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Coal use dented by India’s 100 GW solar plan – but is it a bridge too far?

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23 July 2015

Coal use dented by India’s 100 GW solar plan – but is it a bridge too far?

Report summary

Seaborne thermal coal suppliers, already reeling from a combination of low prices, overcapacity, weakening Asian demand growth and a rapid slowdown of imports in China, could face even more pressure as India expands its solar profile. India’s Union Cabinet approved Mr. Modi’s solar power capacity target of 100 GW by 2022. If this ambitious target is met, solar plants could displace up to 60 Mt of thermal coal by 2022 and place India on a path to consume significantly less import coal by 2035.

Table of contents

  • Introduction
  • The potential for solar in India is exciting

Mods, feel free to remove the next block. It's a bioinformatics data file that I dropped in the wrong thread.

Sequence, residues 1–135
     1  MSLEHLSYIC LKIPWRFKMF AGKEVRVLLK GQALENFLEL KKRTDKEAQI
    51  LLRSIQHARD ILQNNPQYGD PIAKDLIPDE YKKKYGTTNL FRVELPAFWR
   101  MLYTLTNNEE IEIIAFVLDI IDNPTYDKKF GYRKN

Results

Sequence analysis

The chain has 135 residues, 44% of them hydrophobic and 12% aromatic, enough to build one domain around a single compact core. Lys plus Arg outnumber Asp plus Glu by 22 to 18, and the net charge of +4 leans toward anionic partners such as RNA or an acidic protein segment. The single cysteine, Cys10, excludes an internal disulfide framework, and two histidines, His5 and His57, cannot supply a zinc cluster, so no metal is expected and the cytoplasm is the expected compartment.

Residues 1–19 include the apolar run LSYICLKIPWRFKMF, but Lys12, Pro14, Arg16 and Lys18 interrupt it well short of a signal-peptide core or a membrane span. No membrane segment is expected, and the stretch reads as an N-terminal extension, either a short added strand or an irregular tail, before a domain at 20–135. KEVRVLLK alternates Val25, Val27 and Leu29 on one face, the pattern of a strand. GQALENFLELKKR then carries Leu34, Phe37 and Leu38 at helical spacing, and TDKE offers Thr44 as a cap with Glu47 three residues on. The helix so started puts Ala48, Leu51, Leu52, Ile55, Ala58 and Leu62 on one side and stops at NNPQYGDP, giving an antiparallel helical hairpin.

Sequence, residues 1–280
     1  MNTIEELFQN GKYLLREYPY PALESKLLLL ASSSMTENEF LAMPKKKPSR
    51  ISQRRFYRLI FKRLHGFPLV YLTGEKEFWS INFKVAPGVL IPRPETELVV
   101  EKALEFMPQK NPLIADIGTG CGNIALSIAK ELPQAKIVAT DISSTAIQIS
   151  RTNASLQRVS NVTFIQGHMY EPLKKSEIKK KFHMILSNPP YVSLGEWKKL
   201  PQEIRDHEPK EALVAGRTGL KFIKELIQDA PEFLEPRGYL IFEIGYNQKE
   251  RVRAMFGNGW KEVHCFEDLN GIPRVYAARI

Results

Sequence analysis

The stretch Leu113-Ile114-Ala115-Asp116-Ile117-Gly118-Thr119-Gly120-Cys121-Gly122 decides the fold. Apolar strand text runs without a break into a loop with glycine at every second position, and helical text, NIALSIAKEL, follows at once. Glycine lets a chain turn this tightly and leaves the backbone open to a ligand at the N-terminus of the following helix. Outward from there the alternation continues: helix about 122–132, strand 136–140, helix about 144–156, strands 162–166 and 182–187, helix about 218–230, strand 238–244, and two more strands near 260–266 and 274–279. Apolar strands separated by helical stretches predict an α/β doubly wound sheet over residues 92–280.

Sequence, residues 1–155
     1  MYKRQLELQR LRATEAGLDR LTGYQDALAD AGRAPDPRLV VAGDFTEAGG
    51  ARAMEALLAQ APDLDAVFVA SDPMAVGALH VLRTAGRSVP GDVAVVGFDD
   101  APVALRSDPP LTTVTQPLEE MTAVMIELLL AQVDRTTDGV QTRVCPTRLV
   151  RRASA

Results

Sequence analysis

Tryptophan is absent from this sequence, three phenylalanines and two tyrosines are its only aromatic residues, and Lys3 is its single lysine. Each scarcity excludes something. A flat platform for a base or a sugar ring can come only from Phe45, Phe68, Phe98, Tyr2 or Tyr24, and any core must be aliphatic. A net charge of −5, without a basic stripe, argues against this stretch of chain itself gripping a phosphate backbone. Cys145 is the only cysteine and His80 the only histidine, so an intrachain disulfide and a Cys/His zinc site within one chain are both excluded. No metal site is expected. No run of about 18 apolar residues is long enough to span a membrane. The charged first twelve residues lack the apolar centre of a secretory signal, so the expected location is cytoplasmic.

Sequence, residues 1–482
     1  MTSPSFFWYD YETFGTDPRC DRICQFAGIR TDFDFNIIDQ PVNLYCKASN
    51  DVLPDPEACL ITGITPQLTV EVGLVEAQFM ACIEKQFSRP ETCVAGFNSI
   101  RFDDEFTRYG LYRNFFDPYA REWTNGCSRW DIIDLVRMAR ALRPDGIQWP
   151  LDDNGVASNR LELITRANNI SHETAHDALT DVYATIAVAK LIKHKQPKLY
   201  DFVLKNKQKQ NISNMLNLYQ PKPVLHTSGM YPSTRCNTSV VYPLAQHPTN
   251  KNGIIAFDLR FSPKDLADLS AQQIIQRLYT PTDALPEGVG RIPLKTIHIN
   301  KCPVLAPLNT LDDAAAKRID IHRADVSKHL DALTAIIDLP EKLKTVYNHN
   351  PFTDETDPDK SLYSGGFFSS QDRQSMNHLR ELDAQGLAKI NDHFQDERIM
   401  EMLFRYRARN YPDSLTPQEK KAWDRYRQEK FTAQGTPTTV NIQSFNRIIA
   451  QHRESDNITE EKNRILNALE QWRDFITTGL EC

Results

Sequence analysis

• What is the government plan?
    • Political will, lower costs and a plan for the future will stimulate solar construction
    • Multiple political, financial, technical and cost hurdles could thwart solar progress
  • What is the threat to thermal coal from solar?
  • Conclusion

Tables and charts

This report includes 6 images and tables including:

  • Solar power potential (GWp)
  • Grid-connected solar power (MW)
  • Currently operating capacity associated with imports by state (Mt)
  • Currently operating capacity associated with imports by state (Mt)
  • Potential impact of JNNM solar capacity goals on seaborne thermal coal imports (Mt)
  • Potential impact of Prime Minister Modi’s solar capacity goals on seaborne thermal coal imports (Mt)

What's included

This report contains:

  • Document

    Coal use dented by India’s 100 GW solar plan – but is it a bridge too far?

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